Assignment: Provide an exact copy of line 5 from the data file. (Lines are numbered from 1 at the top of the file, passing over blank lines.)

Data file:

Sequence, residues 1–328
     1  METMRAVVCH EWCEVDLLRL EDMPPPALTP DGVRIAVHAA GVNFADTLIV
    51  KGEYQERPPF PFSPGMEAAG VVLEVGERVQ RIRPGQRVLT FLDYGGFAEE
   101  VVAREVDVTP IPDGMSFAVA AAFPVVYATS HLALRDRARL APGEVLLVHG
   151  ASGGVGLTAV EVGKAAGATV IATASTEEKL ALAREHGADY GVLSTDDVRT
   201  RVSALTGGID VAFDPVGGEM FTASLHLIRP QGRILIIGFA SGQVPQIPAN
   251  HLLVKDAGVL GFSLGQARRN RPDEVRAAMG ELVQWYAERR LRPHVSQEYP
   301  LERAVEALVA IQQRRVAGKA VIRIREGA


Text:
   151  ASGGVGLTAV EVGKAAGATV IATASTEEKL ALAREHGADY GVLSTDDVRT